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Sunday, 11 February 2018

Nigeria's first-ever bobsled team prepares triumphant Olympic arrival

PYEONGCHANG, South Korea — There’s something to be said for having a dream so insane, so outlandish, so far outside the realm of possibility that you just throw yourself into it and see what happens.
For Seun Adigun, a hurdler who represented Nigeria in the 2012 Summer Olympics, the dream started simple: figure a way to get back to the Olympics one way or another. But the dream soon blossomed into a legitimate movement, one that could inspire generations of Nigerian athletes.
Adigun, a former sprinter for the University of Houston who has dual American-Nigerian citizenship, first followed in the steps of other track athletes by joining the U.S. bobsled team; track athletes make for ideal pushers. But somewhere along the line, she hit on an even grander idea: rather than joining the well-established, well-funded U.S. team, why not make history by bringing the first bobsled team not just to a country, but an entire continent?
Thus was born the Nigerian bobsled team. You can make the easy comparisons to Jamaica’s entry — where exactly does one train for the bobsled in Jamaica or Nigeria? — but in both cases, the competitors are absolutely serious, both about their own runs and about what they hope to inspire in others.
Sending a team to the Olympics requires money, lots of it, and Adigun — who jumped full-time into graduate studies after London — wasn’t exactly swimming in the kind of cash necessary to start a movement. So two days before Thanksgiving in 2016, she launched a GoFundMe page to handle, well, everything involved in getting an Olympic team rolling. Here’s what the fundraising campaign — which hit its goal of $150,000 — was designed to finance, from the page:
It’s obvious from that list that Adigun was beginning at the very start of the process, no shortcuts and no head-starts. She talked two fellow former Houston teammates, Ngozi Onwumere and Akuoma Omeoga, into joining the crusade. She persuaded skeptical Nigerian sports officials that hers was a legitimate endeavor. And she built her first bobsled herself, naming it the “MaeFlower” after her sister, Mae Mae, who had died in a car accident in 2009.
From there, it was just a matter of learning a discipline that none of them had ever attempted, in weather conditions they’d rarely experienced, with homemade equipment. Simple enough, right? The three teammates brought both explosive strength and tactical precision from the track; their greatest challenge, Adigun laughed, was just putting on enough weight that they would make weight as bobsledders.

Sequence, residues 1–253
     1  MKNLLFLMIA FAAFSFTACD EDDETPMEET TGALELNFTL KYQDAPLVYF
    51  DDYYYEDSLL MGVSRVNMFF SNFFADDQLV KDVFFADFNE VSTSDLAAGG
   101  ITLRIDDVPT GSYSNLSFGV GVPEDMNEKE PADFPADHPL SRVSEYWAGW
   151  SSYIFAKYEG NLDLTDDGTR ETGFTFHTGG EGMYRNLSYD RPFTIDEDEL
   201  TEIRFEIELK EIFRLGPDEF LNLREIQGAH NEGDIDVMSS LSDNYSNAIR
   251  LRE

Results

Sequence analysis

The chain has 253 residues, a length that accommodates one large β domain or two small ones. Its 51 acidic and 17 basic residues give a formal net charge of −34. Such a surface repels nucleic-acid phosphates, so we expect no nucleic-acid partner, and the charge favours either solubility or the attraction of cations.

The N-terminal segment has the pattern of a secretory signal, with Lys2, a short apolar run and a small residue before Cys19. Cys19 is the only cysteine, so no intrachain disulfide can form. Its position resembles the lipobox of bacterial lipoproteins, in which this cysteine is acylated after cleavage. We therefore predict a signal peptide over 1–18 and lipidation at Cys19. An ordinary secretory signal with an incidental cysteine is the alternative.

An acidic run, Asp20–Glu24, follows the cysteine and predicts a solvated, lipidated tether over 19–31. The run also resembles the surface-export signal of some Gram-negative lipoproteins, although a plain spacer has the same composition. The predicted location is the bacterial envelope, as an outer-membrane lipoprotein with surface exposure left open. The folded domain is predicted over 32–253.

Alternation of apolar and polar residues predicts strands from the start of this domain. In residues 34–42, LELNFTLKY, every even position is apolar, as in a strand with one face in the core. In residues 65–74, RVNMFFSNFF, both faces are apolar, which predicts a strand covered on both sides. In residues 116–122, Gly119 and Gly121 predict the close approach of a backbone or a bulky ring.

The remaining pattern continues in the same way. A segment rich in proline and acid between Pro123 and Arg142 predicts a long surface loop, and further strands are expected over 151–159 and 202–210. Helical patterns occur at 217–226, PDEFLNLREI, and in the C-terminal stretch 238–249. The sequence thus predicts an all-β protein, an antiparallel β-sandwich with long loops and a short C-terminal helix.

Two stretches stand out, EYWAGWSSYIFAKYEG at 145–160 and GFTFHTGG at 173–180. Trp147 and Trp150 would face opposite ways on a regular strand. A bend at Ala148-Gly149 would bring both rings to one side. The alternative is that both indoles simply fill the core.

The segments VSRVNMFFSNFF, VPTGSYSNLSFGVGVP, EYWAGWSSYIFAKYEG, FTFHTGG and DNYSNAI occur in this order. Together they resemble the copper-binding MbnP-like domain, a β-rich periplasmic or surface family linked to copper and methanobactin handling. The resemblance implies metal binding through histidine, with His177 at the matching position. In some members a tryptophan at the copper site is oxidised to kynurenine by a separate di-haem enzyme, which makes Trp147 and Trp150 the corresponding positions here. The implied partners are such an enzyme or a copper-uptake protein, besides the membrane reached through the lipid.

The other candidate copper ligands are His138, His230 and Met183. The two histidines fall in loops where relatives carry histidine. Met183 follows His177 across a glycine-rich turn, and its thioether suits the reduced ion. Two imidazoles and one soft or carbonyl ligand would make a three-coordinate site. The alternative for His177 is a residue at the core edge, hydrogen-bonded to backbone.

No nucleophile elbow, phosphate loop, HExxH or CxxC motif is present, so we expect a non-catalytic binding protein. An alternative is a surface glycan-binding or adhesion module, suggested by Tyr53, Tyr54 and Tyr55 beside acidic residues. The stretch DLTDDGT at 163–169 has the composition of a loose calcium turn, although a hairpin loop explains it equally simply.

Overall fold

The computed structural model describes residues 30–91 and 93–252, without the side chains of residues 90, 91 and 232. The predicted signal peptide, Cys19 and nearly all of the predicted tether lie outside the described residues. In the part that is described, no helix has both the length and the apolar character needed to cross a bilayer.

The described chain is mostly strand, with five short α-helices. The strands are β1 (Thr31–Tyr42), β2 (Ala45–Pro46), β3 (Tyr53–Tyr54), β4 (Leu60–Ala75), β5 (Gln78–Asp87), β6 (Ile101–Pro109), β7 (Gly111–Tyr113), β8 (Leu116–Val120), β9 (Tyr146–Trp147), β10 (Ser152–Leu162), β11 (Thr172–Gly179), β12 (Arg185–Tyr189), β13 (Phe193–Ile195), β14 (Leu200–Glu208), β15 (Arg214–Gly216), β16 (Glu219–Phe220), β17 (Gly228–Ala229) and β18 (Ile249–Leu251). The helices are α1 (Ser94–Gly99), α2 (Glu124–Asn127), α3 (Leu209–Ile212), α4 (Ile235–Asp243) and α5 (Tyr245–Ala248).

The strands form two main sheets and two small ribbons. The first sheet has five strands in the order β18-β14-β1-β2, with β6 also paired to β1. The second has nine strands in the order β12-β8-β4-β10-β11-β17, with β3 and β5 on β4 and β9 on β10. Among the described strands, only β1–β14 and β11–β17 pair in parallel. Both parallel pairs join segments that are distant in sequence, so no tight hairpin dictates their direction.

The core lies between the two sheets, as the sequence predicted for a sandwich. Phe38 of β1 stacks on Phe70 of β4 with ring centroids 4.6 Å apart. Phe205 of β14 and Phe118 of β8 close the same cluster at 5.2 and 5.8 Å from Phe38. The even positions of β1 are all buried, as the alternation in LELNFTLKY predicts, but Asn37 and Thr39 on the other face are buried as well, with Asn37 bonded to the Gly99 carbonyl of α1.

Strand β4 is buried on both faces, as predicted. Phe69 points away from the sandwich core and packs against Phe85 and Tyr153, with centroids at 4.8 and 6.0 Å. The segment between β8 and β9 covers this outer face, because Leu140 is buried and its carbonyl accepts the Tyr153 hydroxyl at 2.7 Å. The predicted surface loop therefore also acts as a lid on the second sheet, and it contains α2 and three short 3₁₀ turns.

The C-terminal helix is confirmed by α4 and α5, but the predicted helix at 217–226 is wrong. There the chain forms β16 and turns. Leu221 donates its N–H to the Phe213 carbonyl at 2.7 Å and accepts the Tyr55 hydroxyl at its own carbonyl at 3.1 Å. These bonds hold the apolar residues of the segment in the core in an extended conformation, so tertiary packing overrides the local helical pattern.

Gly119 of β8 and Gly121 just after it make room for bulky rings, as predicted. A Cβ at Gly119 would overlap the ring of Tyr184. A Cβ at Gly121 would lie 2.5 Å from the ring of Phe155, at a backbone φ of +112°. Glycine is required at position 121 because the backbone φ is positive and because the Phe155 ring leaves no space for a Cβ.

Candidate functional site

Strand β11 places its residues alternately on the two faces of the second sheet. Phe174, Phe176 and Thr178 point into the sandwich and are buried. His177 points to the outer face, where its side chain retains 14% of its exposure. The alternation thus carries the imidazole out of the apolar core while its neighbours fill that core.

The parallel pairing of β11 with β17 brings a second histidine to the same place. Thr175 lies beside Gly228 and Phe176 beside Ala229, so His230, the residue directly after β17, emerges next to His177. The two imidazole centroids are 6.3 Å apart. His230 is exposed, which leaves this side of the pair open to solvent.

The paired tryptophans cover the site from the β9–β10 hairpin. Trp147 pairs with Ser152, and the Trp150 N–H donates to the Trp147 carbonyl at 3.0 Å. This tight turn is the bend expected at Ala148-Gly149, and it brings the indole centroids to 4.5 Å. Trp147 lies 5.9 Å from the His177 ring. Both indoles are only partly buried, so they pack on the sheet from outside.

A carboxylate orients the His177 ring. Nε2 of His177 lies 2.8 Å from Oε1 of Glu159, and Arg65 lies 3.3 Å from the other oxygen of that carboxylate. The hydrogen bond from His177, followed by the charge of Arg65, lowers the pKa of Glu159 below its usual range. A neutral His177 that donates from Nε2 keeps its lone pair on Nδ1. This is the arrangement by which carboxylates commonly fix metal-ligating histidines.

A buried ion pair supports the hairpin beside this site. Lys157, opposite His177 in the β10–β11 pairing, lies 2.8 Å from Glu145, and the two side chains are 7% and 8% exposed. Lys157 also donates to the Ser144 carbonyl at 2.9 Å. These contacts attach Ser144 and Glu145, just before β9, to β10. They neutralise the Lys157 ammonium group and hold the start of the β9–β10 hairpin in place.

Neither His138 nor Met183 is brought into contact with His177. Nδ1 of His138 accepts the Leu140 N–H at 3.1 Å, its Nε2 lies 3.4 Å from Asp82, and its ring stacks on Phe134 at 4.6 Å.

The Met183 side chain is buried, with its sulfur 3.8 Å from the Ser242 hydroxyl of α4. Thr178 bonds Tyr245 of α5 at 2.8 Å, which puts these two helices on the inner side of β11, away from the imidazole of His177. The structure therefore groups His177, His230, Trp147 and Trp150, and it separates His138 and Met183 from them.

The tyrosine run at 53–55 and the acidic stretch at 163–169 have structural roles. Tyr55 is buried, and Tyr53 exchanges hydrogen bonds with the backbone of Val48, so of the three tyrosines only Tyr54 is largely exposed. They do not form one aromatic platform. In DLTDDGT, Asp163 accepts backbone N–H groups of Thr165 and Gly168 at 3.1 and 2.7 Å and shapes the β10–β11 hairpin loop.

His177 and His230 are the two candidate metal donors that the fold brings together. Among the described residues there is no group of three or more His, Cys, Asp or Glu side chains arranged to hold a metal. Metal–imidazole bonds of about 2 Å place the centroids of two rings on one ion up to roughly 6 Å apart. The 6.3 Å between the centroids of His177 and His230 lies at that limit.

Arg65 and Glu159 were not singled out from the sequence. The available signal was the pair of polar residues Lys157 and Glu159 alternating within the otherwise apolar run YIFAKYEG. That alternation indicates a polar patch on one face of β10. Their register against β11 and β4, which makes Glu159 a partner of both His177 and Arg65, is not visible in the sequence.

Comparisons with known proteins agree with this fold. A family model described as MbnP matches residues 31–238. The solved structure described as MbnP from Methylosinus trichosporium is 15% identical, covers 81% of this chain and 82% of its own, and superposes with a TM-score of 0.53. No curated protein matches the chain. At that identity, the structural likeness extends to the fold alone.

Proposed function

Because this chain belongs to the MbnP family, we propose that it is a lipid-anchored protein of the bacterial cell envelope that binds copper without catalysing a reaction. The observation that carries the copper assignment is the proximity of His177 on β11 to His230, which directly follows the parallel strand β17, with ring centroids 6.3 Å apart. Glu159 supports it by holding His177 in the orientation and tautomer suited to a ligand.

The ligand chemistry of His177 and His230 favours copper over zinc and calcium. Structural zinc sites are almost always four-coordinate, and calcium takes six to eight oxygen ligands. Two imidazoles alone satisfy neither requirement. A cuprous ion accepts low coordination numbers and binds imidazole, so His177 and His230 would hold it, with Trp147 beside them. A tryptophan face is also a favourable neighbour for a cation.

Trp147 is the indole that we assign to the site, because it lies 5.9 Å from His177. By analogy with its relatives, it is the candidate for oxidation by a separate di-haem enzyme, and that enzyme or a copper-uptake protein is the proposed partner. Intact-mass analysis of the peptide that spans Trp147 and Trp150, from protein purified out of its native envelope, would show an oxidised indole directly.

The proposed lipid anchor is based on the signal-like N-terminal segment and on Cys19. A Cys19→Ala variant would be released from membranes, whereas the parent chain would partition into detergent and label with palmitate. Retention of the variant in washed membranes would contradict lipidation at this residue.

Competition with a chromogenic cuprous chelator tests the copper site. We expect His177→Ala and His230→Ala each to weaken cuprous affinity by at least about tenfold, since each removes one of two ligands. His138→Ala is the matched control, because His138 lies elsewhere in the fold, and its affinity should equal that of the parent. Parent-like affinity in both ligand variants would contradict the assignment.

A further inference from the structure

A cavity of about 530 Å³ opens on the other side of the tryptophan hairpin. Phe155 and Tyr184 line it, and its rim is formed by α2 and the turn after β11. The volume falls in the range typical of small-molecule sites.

They trained all over the United States and Canada, primarily at Lake Placid, site of the 1980 Olympics. They completed five qualifying runs, which is a hell of a lot harder than you’d think. They began a national PR run that included a segment on “Ellen,” a Visa sponsorship, and a Beats By Dre campaign.
And they went back to Nigeria, where they received heroes’ welcomes and launched a plan to get Nigerian athletes into a bobsled pipeline to help grow the sport across the country. “Going back to Nigeria meant so much,” Adigun says. “The reception was amazing. Just to be home before coming here, and feeling how excited everyone was, felt so amazing.”
To hear Adigun speak is to get a sense of how she pulled off this mad dream. She’s direct yet passionate, both pragmatic and optimistic. “We speak a lot about creating a timeline, a plan for execution and then hitting milestones along that plan,” Adigun says. “The plan almost seemed overzealous, to where everything was just execution, execution, execution. Now that we’re actually here it’s like, ‘Wait a minute, wait a minute. Did our dream just become a reality?’ ”
Training at the Olympic Sliding Centre begins on Saturday the 17th, with the medal round slated for four days later. It’s highly unlikely Nigeria will bring home a medal, but that’s not really the point this time around: just getting here is.
“At this point now, success is something that runs on a continuum; it’ something that you can achieve daily,” Adigun says. “But at the end of the day, we’re competitors. We’re going to show the world the best we have, and that’s what brought us here.”

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